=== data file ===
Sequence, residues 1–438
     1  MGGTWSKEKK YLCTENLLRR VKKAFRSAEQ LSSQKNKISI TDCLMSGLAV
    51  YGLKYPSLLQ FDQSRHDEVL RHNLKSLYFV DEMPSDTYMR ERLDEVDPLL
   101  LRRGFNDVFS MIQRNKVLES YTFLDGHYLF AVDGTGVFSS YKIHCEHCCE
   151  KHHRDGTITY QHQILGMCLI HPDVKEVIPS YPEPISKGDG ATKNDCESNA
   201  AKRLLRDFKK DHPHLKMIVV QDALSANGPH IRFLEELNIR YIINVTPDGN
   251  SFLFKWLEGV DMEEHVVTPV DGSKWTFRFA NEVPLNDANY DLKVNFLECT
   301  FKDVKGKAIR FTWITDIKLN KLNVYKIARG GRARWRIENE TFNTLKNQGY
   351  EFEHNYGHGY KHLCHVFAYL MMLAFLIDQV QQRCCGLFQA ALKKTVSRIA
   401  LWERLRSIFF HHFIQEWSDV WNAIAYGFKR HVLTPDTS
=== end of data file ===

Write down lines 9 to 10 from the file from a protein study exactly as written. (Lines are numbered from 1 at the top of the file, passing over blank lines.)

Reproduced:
   351  EFEHNYGHGY KHLCHVFAYL MMLAFLIDQV QQRCCGLFQA ALKKTVSRIA
   401  LWERLRSIFF HHFIQEWSDV WNAIAYGFKR HVLTPDTS